Revised Common Lectionary: Genesis 22:1-14 and Psalm 13; or Jeremiah 28:5-9 and Psalm 89:1-4, 15-18; Romans 6:12-23; Matthew 10:40-42

Narrative Lectionary: Psalms, Psalm 30 (John 6:67-69)

In the first selection from the Hebrew Scriptures, as we follow the origins of the Hebrew People, we come to this great, terrifying moment in these ancient stories of beginning: the story of Abraham preparing to sacrifice Isaac. Child sacrifice was common among the ancient peoples of the Mediterranean, and God shows through this story that God does not require human sacrifice; instead, a bull is provided. But the story is troubling nonetheless. Abraham appears willing to go through with it to appease God, and God’s demand of Isaac for a sacrifice ought to disturb us. However, in the end, Isaac is spared, and the ritual of sacrifice that was prevalent in so many ancient cultures is restricted to animals only. The message at the end of this passage is “The Lord Will Provide.” In other words, don’t be hasty to make sacrifices to gods, to look to the ways that other peoples get what they want; God will provide what you need. By the time we get to the prophets such as Amos, we hear that God does not desire sacrifice, but justice.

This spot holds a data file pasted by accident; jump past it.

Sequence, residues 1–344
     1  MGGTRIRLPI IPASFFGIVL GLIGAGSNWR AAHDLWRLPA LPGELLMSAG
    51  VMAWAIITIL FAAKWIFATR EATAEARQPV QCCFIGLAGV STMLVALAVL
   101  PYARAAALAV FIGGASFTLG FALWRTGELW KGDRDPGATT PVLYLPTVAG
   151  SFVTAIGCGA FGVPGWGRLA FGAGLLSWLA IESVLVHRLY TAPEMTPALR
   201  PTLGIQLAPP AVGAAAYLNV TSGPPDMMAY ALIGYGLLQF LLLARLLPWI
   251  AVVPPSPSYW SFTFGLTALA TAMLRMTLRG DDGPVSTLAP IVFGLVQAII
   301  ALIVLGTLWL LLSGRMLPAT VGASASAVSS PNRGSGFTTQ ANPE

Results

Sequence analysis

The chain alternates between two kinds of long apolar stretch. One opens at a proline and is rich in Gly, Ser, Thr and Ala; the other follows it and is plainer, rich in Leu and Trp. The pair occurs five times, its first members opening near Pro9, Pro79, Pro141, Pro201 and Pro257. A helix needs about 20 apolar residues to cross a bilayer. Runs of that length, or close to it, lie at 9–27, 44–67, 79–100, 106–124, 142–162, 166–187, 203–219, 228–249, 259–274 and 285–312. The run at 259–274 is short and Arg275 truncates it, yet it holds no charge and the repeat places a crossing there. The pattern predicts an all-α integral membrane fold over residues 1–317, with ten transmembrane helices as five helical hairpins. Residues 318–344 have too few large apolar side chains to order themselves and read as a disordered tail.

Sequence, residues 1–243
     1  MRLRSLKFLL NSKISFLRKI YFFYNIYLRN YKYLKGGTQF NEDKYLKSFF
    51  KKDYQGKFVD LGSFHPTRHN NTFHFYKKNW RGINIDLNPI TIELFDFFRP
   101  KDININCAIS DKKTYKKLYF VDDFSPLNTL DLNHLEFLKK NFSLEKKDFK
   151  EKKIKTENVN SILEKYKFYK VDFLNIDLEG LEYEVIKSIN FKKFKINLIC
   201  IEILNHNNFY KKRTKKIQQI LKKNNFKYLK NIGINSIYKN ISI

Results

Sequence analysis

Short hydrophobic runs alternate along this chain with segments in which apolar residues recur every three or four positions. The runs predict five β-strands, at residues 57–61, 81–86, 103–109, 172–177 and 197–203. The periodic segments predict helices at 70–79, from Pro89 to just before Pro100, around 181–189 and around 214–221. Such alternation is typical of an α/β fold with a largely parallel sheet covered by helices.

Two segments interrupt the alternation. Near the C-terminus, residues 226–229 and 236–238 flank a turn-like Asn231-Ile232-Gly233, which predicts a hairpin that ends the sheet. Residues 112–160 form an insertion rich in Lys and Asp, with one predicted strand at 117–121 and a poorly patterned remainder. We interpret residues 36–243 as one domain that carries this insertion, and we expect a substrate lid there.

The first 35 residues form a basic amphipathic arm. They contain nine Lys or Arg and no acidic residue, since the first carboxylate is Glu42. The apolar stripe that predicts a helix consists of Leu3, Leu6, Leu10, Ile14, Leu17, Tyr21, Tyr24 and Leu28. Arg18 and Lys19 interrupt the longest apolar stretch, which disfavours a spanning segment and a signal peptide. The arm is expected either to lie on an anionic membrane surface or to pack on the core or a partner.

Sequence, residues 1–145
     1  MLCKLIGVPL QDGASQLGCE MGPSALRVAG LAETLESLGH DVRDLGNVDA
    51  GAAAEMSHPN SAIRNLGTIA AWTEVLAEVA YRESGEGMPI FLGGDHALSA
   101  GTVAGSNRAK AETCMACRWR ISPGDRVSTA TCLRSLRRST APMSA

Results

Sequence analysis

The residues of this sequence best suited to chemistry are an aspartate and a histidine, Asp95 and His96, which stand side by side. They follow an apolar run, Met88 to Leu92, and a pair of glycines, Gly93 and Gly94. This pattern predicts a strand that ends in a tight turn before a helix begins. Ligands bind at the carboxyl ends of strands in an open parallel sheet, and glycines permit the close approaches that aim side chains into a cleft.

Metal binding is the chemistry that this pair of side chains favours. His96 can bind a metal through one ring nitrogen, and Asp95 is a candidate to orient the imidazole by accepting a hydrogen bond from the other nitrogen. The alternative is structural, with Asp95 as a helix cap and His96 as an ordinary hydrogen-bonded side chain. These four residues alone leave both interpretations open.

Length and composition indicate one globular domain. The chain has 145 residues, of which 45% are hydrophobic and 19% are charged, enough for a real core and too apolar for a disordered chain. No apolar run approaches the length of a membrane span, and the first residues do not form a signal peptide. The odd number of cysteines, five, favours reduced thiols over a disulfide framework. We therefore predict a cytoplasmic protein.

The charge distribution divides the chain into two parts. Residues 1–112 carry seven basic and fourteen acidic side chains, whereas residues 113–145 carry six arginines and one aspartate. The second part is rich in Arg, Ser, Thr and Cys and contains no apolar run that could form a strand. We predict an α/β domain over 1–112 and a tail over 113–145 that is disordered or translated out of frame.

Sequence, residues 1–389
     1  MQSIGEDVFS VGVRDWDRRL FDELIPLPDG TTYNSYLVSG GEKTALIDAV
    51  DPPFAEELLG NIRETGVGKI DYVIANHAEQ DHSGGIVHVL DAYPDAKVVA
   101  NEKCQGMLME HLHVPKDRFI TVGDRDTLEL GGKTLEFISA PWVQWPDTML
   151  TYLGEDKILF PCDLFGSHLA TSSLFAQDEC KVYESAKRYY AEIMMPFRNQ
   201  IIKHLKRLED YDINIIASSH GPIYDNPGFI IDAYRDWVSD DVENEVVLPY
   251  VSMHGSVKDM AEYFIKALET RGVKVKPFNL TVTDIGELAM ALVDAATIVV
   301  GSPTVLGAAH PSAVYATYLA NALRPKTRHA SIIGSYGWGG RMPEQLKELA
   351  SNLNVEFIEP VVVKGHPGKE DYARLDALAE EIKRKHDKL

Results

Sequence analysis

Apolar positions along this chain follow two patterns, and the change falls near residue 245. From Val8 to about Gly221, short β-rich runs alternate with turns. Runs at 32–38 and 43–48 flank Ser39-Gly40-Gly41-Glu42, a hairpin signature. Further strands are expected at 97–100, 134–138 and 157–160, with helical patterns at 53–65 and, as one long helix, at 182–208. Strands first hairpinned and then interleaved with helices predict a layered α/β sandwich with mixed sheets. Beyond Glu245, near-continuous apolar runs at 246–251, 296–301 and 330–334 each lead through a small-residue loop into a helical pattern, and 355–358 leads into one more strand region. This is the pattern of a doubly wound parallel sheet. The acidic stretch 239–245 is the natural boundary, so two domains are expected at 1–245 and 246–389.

In Psalm 13, the psalmists pleads with God, for they have been under attack for so long without relief. Yet the psalmist trusts God to deliver them, and will trust in God’s steadfast love and salvation. In the end, the psalmist will sing with joy, knowing that God will remain faithful.

The prophet Jeremiah concurs with the prophet Hananiah in Jeremiah 28:5-9, that indeed God will bring the people out of exile from Babylon. However, it will not come to pass just yet. When the time of peace truly comes, then they will know the words have been fulfilled, but not until then. The prophets before Jeremiah and Hananiah prophesied the wrath that was coming, but when peace finally comes, they will know it has come from God.

Psalm 89:1-4, 15-18 sings praise to God for God’s steadfast love, and the covenant that God has made with David and his ancestors forever. The psalmist declares that those who worship God, who exalt God’s name will be full of joy, and God is the one who is the defender of the people.